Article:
IPrincipal
    > > > > also? and then it also seems i need a custom
    > > > > FormsAuthenticationTicket class also???
    > > > >
    > > > > I'm just looking for the simplest way to do this, which classes do i
    > > > > have to create custom for this action?
    > > > >
    > > > > Thanks for your time!
    > > >
    > > >
    > >
    > >
    >
    >

    Joe Kaplan \(MVP - ADSI\) Guest

  6. #6

    Default Re: creating custom HttpContext.Current.User.Identity

    "Josh" <jcarlislenospam-removeme.viewfusion.com> wrote in message news:<Ov0q8tq9DHA.1936TK2MSFTNGP12.phx.gbl>...
    > I've never used a custom Identity w/o a custom principal also but I would
    > think you could just assign the customidentity to the current principals
    > identity in the global AuthenticateRequest event and then just access
    > anywhere you'd like after that?

    I'm very close to making this work. Here's what I've got:


    protected void Application_AuthenticateRequest(Object sender,
    EventArgs e)
    { string cookieName = FormsAuthentication.FormsCookieName;
    HttpCookie authCookie = Context.Request.Cookies[cookieName];
    if (null == authCookie)
    { //There is no authentication cookie.
    return;
    }

    FormsAuthenticationTicket authTicket = null;
    try
    { authTicket = FormsAuthentication.Decrypt(authCookie.Value);
    }
    catch(Exception ex)
    { //Log exception details (omitted)
    Response.Write("execption:" + ex);
    return;
    }

    if (null == authTicket)
    { //cookie failed to decrypt
    return;
    }

    string[] roles = authTicket.UserData.Split(new char[] {'|'});

    inetIdentity i1;
    i1 = new inetIdentity(HttpContext.Current.User.Identity.Nam e);

    GenericPrincipal principal = new GenericPrincipal(i1, roles);

    Context.User = principal;
    }

    My inetIdentity which extends IIdentity has just the 2 added
    properties Userid and EmailAddress. It's constructor looks up the
    Nickname and userID from the db based on the emailaddress and assigns
    those values. That all works good!

    To get these new values I do:
    ((inetIdentity)HttpContext.Current.User.Identity). EmailAddress
    which works good when I've got an authenticated user. When there is
    no authenticated user I get "System.InvalidCastException: Specified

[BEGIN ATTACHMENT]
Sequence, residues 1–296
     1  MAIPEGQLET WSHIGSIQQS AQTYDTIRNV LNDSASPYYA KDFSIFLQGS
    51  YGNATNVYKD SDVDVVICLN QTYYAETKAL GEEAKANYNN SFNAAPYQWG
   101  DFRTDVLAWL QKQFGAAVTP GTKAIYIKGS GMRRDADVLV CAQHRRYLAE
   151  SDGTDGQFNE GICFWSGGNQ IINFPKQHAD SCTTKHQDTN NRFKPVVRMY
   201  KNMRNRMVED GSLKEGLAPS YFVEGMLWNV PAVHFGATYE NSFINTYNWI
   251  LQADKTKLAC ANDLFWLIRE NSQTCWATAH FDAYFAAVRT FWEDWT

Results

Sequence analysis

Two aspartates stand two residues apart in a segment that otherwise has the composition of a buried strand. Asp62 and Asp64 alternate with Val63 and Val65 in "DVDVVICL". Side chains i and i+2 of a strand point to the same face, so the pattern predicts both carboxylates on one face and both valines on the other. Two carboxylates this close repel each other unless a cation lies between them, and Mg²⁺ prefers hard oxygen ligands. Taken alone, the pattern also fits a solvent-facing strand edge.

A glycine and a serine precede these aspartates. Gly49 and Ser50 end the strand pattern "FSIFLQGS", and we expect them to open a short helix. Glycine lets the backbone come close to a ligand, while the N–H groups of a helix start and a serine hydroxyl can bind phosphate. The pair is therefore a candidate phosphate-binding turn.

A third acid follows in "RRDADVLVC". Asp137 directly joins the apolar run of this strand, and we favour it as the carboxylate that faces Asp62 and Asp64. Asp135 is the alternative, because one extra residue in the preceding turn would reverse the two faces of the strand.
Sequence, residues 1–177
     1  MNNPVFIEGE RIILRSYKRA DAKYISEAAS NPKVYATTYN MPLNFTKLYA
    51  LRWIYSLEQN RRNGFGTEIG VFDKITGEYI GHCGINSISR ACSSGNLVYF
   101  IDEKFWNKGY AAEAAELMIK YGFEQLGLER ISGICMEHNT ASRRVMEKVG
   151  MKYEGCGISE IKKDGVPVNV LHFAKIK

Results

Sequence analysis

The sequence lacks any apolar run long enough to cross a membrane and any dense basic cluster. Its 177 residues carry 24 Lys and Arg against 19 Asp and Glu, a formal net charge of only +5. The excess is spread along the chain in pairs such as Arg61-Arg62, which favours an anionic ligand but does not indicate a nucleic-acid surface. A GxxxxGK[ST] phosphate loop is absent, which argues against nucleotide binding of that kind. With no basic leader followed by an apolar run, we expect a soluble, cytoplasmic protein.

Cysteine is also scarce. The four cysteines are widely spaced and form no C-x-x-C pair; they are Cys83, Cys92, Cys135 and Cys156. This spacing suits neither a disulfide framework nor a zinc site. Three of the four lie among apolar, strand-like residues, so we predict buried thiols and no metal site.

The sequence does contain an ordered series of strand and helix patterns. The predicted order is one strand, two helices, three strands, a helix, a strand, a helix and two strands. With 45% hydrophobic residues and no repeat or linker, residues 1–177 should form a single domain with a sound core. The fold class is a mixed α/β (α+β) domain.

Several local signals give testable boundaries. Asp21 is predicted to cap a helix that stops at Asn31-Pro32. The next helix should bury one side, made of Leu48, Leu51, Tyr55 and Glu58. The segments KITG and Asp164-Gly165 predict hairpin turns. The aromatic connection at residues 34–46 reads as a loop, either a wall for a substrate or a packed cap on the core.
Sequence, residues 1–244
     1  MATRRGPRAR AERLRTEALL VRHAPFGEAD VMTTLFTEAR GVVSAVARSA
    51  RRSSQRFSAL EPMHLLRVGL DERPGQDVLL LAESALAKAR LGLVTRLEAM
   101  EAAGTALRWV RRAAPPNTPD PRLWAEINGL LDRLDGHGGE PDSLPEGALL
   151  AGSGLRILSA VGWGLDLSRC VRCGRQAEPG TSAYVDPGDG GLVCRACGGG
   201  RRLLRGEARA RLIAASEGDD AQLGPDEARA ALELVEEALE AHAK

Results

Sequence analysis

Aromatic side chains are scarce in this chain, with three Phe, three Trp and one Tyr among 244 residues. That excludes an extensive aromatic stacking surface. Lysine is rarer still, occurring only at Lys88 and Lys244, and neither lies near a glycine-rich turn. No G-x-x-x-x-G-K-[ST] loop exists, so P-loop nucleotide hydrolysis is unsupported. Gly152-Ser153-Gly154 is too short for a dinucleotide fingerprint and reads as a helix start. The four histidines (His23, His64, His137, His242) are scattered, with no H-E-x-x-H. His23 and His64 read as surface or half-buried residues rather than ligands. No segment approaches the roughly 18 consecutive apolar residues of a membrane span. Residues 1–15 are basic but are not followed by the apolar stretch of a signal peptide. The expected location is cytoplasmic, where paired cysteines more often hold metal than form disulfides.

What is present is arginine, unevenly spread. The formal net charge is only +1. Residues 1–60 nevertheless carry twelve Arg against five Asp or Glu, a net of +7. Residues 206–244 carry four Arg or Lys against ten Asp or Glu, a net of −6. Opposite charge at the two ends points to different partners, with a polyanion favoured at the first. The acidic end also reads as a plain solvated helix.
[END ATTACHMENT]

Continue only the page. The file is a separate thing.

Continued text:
cast is not valid."

    I assume I'm just a little bit off here but not exactly sure where.
    someone please point me in the right direction here. Thanks!
    dSchwartz Guest

  7. #7

    Default Re: creating custom HttpContext.Current.User.Identity

    hi,
    > ((inetIdentity)HttpContext.Current.User.Identity). EmailAddress
    at this point u dont hv the cokie with u
    so i tkink u shud add

    If (Request.IsAuthenticated)
    {
    ((inetIdentity)HttpContext.Current.User.Identity). EmailAddress
    }



    --
    Thanks and Regards,

    Amit Agarwal
    Software Programmer(.NET)
    "dSchwartz" <schwartzcableone.net> wrote in message
    news:4ae1ece2.0402191211.101c71acposting.google.c om...
    > "Josh" <jcarlislenospam-removeme.viewfusion.com> wrote in message
    news:<Ov0q8tq9DHA.1936TK2MSFTNGP12.phx.gbl>...
    > > I've never used a custom Identity w/o a custom principal also but I
    would
    > > think you could just assign the customidentity to the current principals
    > > identity in the global AuthenticateRequest event and then just access
    > > anywhere you'd like after that?
    >
    >
    > I'm very close to making this work. Here's what I've got:
    >
    >
    > protected void Application_AuthenticateRequest(Object sender,
    > EventArgs e)
    > { string cookieName = FormsAuthentication.FormsCookieName;
    > HttpCookie authCookie = Context.Request.Cookies[cookieName];
    > if (null == authCookie)
    > { //There is no authentication cookie.
    > return;
    > }
    >
    > FormsAuthenticationTicket authTicket = null;
    > try
    > { authTicket = FormsAuthentication.Decrypt(authCookie.Value);
    > }
    > catch(Exception ex)
    > { //Log exception details (omitted)
    > Response.Write("execption:" + ex);
    > return;
    > }
    >
    > if (null == authTicket)
    > { //cookie failed to decrypt
    > return;
    > }
    >
    > string[] roles = authTicket.UserData.Split(new char[] {'|'});
    >
    > inetIdentity i1;
    > i1 = new inetIdentity(HttpContext.Current.User.Identity.Nam e);
    >
    > GenericPrincipal principal = new GenericPrincipal(i1, roles);
    >
    > Context.User = principal;
    > }
    >
    > My inetIdentity which extends IIdentity has just the 2 added
    > properties Userid and EmailAddress. It's constructor looks up the
    > Nickname and userID from the db based on the emailaddress and assigns
    > those values. That all works good!
    >
    > To get these new values I do:
    > ((inetIdentity)HttpContext.Current.User.Identity). EmailAddress
    > which works good when I've got an authenticated user. When there is
    > no authenticated user I get "System.InvalidCastException: Specified
    > cast is not valid."
    >
    > I assume I'm just a little bit off here but not exactly sure where.
    > someone please point me in the right direction here. Thanks!

    ---